JS: The DSM follows a specific and symptom-focused approach to understanding problem areas, but it doesn’t take into account the context of the individual, such as cultural upbringing, racial identity, sexual identity, or even demographics. Evidence is designed for anybody, but not for the person sitting in front of you. We need to consider contextual factors that get to the person-specific problem. The combination of evidence-based assessment, diagnosing, and treating patients should be matched with qualitative interviews that ask questions about the person’s upbringing and family environment. Understanding how the individual’s culture informed the current issue is equally important.
Q: What are some of the pitfalls you’ve seen when evidence-based tools are not used?
JS: When providers don’t use evidence-based assessment tools, they are more likely to diagnose a generic disorder or a poorly defined disorder like General Anxiety Disorder, or Depression, or an adjustment disorder that does not have clearly defined treatment plans. These “bucket-list” or “empty category” diagnoses rarely get reimbursed by insurance and have little to no research behind clear interventions. Therefore, the patient is not getting the most evidence-based and best possible therapeutic treatment experience.
Q: Many technology companies appear to be jumping into behavioral health. What trends do you think mental health professionals should be watching for over the next 12-18 months?
JS: 1. There is a definite trend of more digital assessments and instruments to assess and track patient symptoms within the EHR system vendors. I’m watching professionals online asking each other: “Which EHR systems have the best assessment tools already included?” or “Which EHR systems have the right tools for me to make assessments that are not included?” This is happening without any regard to which instruments are owned or copywritten by others. There will be a few companies focused on aggregating and making available these evidence-based tools that are so important to the insurance companies for reimbursement.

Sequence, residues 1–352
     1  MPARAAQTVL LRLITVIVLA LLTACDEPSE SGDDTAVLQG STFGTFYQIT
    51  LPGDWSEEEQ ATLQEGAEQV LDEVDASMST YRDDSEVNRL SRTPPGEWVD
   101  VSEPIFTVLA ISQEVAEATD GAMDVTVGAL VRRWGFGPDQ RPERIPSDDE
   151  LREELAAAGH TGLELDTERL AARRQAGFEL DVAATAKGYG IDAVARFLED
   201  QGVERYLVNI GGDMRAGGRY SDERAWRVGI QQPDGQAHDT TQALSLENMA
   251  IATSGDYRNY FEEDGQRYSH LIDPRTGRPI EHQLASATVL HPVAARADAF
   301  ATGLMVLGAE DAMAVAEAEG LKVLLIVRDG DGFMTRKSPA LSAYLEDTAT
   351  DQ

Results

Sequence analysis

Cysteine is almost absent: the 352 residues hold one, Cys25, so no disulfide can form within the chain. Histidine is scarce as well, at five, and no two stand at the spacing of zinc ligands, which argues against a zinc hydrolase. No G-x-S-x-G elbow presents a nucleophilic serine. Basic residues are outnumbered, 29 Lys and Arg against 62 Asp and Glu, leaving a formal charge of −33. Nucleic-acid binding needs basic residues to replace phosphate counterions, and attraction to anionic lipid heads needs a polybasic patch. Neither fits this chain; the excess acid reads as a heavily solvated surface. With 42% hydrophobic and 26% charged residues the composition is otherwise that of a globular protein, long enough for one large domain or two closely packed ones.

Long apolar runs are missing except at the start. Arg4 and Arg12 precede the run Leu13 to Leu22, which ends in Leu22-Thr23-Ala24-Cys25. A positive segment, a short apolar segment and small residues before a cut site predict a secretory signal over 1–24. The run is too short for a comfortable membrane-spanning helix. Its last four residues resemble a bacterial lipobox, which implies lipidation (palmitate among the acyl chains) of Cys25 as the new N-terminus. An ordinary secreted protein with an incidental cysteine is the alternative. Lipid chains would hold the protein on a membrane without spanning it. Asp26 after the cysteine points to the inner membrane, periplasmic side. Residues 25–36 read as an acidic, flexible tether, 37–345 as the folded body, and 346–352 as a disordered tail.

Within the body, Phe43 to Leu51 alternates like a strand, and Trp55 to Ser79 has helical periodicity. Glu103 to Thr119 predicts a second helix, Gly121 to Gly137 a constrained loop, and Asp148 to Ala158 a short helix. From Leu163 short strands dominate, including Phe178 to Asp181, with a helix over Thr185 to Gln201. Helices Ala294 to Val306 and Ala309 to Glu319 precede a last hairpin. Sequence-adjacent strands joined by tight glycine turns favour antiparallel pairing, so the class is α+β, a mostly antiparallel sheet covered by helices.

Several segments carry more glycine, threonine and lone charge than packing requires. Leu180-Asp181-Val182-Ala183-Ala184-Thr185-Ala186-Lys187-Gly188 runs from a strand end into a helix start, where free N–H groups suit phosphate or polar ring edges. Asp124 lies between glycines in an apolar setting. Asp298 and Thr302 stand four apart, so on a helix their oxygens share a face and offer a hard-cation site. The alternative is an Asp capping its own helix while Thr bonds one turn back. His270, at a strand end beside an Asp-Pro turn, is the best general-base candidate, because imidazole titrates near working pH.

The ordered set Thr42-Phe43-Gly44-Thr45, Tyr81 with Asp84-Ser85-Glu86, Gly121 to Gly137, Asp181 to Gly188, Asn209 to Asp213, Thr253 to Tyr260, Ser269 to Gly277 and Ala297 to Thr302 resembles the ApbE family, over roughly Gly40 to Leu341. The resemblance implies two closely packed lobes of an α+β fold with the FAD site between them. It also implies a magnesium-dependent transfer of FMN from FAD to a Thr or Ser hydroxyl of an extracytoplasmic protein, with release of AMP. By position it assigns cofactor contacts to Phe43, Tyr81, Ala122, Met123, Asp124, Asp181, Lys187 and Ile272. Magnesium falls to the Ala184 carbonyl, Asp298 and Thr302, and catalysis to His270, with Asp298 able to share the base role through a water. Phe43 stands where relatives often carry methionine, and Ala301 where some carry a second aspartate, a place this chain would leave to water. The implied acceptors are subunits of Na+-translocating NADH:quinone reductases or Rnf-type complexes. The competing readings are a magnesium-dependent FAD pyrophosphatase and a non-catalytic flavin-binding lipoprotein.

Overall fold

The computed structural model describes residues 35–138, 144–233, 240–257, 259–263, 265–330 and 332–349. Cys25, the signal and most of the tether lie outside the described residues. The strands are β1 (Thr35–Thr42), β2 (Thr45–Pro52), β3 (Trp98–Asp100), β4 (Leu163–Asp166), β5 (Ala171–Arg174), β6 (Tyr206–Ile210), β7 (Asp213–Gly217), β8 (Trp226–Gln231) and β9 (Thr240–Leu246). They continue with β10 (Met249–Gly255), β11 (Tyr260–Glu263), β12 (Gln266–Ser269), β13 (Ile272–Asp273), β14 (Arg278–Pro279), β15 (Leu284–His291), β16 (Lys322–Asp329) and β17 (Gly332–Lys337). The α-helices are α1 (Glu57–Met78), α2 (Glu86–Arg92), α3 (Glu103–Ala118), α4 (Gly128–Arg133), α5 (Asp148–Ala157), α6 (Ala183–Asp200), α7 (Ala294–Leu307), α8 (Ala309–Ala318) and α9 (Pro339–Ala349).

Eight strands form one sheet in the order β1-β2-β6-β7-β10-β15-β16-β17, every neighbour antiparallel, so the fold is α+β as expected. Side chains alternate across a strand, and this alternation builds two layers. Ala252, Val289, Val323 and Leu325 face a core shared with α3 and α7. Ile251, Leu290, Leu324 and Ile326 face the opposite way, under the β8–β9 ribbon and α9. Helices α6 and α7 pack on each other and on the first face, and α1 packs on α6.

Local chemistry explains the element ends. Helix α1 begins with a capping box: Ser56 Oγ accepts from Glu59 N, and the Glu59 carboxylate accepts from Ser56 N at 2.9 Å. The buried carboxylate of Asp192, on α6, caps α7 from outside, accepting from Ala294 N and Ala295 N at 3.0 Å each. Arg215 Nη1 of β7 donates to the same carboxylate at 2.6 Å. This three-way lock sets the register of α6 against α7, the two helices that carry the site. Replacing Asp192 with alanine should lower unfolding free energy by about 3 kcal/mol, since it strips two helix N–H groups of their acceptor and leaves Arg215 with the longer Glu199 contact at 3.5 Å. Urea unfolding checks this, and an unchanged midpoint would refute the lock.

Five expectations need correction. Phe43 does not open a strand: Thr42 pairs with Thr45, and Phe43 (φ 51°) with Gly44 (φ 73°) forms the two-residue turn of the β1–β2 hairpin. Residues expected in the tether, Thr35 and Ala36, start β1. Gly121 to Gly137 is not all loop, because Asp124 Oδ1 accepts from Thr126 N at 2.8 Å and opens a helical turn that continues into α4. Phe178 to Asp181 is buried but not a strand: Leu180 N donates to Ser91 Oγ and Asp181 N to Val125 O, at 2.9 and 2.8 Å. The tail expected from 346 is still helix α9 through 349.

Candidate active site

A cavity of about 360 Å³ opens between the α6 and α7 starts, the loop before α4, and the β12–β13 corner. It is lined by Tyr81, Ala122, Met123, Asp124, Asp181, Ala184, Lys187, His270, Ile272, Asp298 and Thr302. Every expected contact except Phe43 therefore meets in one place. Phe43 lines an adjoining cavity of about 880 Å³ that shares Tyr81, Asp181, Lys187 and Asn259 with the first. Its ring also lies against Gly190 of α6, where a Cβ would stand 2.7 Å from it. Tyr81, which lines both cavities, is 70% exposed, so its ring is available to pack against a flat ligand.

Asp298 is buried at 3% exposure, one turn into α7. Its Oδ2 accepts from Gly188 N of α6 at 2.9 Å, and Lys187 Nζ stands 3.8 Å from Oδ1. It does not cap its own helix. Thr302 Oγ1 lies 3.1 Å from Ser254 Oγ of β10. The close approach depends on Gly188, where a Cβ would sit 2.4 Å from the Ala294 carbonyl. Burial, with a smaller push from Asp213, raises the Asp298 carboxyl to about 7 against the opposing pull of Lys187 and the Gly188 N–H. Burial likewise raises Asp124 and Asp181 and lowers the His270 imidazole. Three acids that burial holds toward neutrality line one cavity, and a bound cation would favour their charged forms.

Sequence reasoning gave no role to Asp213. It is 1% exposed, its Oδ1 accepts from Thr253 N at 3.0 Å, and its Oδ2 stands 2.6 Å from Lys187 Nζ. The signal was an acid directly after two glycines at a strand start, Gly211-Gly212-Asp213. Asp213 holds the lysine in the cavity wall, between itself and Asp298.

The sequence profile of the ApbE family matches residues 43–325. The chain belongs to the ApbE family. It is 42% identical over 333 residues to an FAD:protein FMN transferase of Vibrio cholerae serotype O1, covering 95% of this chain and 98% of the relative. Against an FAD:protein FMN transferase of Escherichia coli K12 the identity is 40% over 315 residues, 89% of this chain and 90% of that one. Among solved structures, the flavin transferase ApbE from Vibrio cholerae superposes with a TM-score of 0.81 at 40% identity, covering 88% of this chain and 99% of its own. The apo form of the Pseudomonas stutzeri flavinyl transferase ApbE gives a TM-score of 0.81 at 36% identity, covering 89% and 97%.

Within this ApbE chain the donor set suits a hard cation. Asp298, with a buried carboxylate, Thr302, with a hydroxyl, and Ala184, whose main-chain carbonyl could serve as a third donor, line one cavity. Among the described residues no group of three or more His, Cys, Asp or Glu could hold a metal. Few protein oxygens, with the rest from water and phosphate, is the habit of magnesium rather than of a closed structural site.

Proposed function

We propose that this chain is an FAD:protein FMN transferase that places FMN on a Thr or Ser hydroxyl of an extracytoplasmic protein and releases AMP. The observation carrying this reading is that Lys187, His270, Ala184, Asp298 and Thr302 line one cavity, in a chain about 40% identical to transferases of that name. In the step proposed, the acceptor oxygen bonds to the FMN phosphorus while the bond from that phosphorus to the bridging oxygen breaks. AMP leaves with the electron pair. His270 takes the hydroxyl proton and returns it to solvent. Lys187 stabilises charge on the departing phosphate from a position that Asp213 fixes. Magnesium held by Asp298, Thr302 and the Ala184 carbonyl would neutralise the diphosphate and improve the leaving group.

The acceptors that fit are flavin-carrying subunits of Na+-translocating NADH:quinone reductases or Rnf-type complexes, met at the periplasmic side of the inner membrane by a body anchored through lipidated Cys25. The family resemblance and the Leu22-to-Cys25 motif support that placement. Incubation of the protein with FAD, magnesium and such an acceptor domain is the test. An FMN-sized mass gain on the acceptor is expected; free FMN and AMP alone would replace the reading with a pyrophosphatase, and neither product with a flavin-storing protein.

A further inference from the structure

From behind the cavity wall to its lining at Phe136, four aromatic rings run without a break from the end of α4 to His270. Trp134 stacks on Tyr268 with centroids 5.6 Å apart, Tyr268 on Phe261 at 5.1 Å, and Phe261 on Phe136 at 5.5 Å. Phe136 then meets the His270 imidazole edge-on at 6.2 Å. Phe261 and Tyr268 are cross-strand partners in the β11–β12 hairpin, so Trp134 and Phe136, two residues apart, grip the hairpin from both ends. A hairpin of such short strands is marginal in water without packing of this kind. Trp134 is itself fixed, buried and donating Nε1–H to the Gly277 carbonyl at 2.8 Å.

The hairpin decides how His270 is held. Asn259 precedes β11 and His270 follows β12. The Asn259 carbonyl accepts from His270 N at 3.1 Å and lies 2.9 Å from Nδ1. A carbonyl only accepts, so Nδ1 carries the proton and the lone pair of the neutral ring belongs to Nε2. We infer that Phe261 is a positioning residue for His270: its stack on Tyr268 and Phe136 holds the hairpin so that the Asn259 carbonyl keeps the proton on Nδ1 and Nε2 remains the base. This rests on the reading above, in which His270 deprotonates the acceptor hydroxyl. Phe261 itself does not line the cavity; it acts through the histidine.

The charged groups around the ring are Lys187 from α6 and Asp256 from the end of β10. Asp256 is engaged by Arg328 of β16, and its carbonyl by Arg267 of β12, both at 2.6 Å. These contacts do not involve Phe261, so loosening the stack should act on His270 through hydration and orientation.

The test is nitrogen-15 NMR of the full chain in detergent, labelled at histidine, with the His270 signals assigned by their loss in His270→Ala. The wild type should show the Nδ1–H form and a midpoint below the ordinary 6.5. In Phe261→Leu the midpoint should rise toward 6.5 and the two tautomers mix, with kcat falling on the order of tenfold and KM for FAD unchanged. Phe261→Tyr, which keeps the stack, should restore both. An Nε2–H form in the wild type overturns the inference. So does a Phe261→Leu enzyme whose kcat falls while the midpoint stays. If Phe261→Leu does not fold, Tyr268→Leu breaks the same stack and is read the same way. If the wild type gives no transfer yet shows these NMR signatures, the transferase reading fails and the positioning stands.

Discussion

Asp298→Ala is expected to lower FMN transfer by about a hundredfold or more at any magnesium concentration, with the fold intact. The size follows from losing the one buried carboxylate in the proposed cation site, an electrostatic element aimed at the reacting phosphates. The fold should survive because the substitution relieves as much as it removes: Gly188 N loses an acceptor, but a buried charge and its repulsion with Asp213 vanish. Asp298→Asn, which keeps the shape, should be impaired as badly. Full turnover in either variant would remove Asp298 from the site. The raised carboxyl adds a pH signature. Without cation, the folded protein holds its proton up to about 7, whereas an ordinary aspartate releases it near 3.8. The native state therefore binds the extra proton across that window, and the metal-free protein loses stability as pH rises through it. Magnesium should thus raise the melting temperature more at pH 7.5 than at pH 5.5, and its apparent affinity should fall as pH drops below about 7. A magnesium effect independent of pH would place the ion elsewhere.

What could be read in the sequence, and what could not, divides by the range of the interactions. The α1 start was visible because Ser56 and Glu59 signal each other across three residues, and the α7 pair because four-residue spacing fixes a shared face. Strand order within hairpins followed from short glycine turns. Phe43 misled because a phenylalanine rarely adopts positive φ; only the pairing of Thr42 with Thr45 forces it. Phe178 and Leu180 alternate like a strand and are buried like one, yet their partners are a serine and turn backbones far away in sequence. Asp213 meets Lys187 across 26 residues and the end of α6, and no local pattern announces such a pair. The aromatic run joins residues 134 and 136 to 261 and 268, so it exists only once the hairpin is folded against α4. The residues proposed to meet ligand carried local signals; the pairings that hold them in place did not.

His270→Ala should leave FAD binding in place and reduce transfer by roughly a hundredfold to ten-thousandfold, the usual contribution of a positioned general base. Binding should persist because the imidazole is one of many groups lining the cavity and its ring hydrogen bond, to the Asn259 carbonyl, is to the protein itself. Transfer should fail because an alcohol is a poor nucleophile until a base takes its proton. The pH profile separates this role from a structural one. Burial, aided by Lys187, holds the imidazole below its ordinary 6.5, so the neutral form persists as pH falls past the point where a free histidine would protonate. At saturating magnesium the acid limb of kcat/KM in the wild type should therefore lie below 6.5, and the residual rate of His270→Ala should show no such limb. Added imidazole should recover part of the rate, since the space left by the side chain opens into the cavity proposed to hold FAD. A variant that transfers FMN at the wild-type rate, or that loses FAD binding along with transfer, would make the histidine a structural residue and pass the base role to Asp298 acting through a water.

2. Providers are also trying to find all of the technology tools they need under one roof. They want one solution to address the many needs of therapists, including synchronous video visit capabilities, patient scheduling, assessment instruments, and even secure email and communication tools. There are 20-30 well-known EHR solutions out there today, but none of them have everything integrated into one solution. I see some of the big technology vendors, like Google, trying to bring all of those under one umbrella to capitalize on these needs.
3. I am also seeing the advent of online therapists popping up, which is good for improving patient access; but unfortunately, many of these therapists are not as well trained, specialized or experienced to address the notable increase in psychiatric patients in the last year.
4. With the explosion of video-based technology, I expect that we will see more interactive tools for training therapists coming onto the market in the future. These tools will help therapists become more specialized. I hope that in the next one to five years, we will see more training platforms that take the brick and mortar of graduate school and overhaul it to increase the speed of innovation and help therapists be more effective at patient care.
A Growing Need
The importance of using evidence-based behavioral health assessment tools comes at a time when there has been a significant spike in the number of people seeking access to skilled mental health services due to the global pandemic. According to the National Association of Mental Illness (NAMI), one in five Americans is living with a mental health condition.
nView Health provides mental health specialists and primary care physicians with access to evidence-based behavioral health solutions to support their diagnosis. Contact us for more information.